Number eight: Learn to pray. It’s easy and it’s so good for your soul.
Number nine: Nobody is perfect. People are going to tell you you’re perfect just the way you are; you’re not! You are imperfect. You always will be, but there’s a powerful force that designed you that way. And if you’re willing to accept that you will have grace and grace is a gift. Like the freedom we enjoy in this country that grace was paid for with somebody else’s blood. Do not forget it. Don’t take it for granted.
God bless you. Please get home safely.
My own idea, for what it is worth, is that all sadness which is not either arising from the repentance of a concrete sin and hastening towards concrete amendment or restitution, or else arising from pity and hastening to active assistance, is simply bad; and I think we all sin by needlessly disobeying the apostolic injunction to ‘rejoice’ as much as by anything else. Humility, after the first shock, is a cheerful virtue.
– C. S. Lewis
Cheerfulness is a choice. Or rather, it is downstream from a choice. We can choose to focus on the good, to be stubbornly grateful for the gifts we have been given, and to notice beauty whenever it arises.
We cannot avoid virtuous empathy for the suffering. We cannot avoid virtuous contrition for our own failings. But we can and should avoid almost every other form of sadness: sadness for wrongs done to us, or for our own ill fortune, or for the world not going the way we want it to.
Those who rejoice, and those who don’t, will see the consequences appear in the very lines and contours of their faces.
I recently stumbled across a Facebook group compiling Jordan Peterson “character assassinations”. It requires some scrolling to read all the articles, so I decided to put all the links into a single list.
Why? As a Peterson fan, it’s useful to consider these critiques, to hear the other side. Secondly, it’s also amusing to read the more unhinged and vitriolic hot takes people keep writing. Thirdly, if you’re not a Peterson fan, these articles might help you articulate your criticisms.
You’ll notice a smattering of articles from November 2017 through April 2018, followed by a rapid uptick of articles in May. Will June bring have another flood of articles or not?
Without further ado, a (fairly complete) list of articles criticizing JBP:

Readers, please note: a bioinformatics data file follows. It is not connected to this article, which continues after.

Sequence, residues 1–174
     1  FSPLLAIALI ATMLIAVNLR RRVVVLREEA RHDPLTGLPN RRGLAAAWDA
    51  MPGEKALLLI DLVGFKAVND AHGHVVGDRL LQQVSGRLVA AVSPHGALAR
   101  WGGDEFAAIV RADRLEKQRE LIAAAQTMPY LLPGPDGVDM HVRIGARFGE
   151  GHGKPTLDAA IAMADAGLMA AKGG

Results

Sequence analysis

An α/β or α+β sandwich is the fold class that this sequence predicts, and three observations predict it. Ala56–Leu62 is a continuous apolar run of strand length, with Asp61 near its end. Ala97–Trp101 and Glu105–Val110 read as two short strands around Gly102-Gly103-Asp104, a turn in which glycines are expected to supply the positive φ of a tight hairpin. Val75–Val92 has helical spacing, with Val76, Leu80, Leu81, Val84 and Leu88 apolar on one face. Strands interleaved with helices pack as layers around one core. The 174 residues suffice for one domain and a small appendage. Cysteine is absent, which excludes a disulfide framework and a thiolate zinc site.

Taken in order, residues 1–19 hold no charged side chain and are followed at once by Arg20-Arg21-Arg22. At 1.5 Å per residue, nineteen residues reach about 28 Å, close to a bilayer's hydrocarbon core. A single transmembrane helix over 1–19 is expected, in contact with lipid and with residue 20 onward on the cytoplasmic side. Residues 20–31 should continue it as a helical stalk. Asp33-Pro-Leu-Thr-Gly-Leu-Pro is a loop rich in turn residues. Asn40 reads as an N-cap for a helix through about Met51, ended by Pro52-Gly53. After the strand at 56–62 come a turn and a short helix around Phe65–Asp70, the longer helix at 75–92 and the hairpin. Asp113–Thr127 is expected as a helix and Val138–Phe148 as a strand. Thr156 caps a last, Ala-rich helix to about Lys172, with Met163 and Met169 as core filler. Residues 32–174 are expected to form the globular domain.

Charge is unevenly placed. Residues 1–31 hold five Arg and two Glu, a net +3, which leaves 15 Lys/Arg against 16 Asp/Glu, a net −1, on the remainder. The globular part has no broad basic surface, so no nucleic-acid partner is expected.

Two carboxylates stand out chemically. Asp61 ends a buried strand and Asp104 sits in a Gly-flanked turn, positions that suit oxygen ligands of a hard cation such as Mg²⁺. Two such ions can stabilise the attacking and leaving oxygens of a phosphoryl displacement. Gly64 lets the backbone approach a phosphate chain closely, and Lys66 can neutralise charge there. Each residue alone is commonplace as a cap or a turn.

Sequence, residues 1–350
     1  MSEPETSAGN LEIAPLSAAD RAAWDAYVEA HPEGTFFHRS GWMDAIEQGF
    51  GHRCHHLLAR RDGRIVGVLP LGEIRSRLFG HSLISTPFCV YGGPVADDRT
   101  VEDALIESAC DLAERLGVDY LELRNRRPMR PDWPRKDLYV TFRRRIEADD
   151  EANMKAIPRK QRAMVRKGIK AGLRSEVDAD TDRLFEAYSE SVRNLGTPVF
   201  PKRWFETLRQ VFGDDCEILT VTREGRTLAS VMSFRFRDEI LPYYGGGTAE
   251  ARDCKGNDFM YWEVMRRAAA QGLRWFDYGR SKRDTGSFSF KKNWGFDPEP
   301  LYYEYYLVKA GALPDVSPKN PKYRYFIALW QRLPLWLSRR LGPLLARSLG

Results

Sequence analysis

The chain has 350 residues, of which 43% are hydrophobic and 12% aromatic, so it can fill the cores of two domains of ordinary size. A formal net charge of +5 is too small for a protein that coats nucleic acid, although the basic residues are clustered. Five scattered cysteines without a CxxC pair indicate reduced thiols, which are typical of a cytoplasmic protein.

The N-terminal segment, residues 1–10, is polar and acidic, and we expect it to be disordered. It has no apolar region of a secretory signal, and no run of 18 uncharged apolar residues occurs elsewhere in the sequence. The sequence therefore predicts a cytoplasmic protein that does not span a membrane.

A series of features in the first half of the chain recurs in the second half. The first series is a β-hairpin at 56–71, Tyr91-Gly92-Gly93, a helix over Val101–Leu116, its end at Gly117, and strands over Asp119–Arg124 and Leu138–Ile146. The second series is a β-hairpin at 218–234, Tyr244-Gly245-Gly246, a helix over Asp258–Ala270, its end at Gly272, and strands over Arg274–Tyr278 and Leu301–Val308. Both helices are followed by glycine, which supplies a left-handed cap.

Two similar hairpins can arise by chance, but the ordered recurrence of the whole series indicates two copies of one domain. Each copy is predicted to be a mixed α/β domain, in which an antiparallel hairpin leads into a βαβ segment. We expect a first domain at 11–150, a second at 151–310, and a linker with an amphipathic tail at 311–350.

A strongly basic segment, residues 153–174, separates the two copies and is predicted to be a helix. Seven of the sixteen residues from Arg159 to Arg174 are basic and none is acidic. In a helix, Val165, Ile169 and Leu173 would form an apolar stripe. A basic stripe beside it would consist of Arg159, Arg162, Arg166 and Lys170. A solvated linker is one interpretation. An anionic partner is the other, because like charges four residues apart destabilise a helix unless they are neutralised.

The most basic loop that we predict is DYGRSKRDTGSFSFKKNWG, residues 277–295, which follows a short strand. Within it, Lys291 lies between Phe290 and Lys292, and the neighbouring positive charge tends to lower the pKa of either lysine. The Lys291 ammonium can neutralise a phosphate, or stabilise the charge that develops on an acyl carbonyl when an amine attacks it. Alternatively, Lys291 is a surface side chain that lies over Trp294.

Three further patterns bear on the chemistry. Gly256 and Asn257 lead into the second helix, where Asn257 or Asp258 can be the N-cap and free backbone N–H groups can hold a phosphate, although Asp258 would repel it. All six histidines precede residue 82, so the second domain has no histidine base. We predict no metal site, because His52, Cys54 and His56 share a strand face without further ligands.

November 2017 - February 2018
- “Jordan Peterson is causing problems at another university now”. By Drew Brown. Vice. Nov 20, 2017
- “The Professor of Piffle – The dangerous underside of Jordan Peterson’s crusade against the humanities” by Ira Wells. Nov 27, 2017
- “The Jordan Peterson Paradox: high intellect, or just another angry white guy?” by John Semley. The Globe and Mail. January 31, 2018
- “Jordan Peterson’s Bull***t.” by Harrison Fluss. Jacobin Mag. February 2, 2018.
- “The Right’s Favorite New Intellectual Has Some Truly Pitiable Ideas About Masculinity – why does anyone take Jordan Peterson seriously?”, by Jacob Bacharach. Alternet. February 13, 2018.
- “Why Are So Many Young Men Drawn to Jordan Peterson’s Intellectual Misogyny?” by Grant Maxwell, APA Online. February 20, 2018.
- “A Serious Man”, by John Ganz. The Baffler. February 7, 2018.
- “Jordan Peterson & Fascist Mysticism”, by Pankaj Mishra. NYR Daily. March 19, 2018.
- “The Intellectual We Deserve”, by Nathan J. Robinson. Current Affairs. March 14, 2018
- “A Messiah-cum-Surrogate-Dad for Gormless Dimwits: On Jordan B. Peterson’s “12 Rules for Life””, by Houman Barekat. LA Review of Books. March 8, 2018.
- “How Anti-Leftism Has Made Jordan Peterson a Mark for Fascist Propoganda”, by Noah Berlatsky. Pacific Standard. March 2, 2018
- “Sorry, Jordan Peterson: rage isn’t a great look for a self-help guru”, by Nesrine Malik. The Guardian. March 23, 2018.
- “A (Scorching) Review of 12 Rules for Life”, by Richard Poplak. Johannesburg Review of Books. April 4, 2018.
- “Thus Spoke Jordan Peterson – The best-selling psychologist isn’t leading young men to salvation — he’s delivering them to authoritarianism.” by David Livingstone Smith, John Kaag. April 4, 2018.
- “Is Jordan Peterson Enabling Jew Hatred?”, by Ari Feldman. Forward. May 11, 2018
- “Jordan Peterson Exposed as Globalist Operative…” by Shane Trejo. PB News. May 14, 2018.
- “How white male victimhood got monetised”, by Damien Walter. Independent. May 16, 2018.
- “Jordan Peterson, Custodian of the Patriarchy” by Nellie Bowles. New York Times. May 18, 2018.
- “The New York Times Enters the Icy Domain of Jordan Peterson, the Incel’s Intellectual”, by Whitney Kimball. Jezebel. May 20, 2018.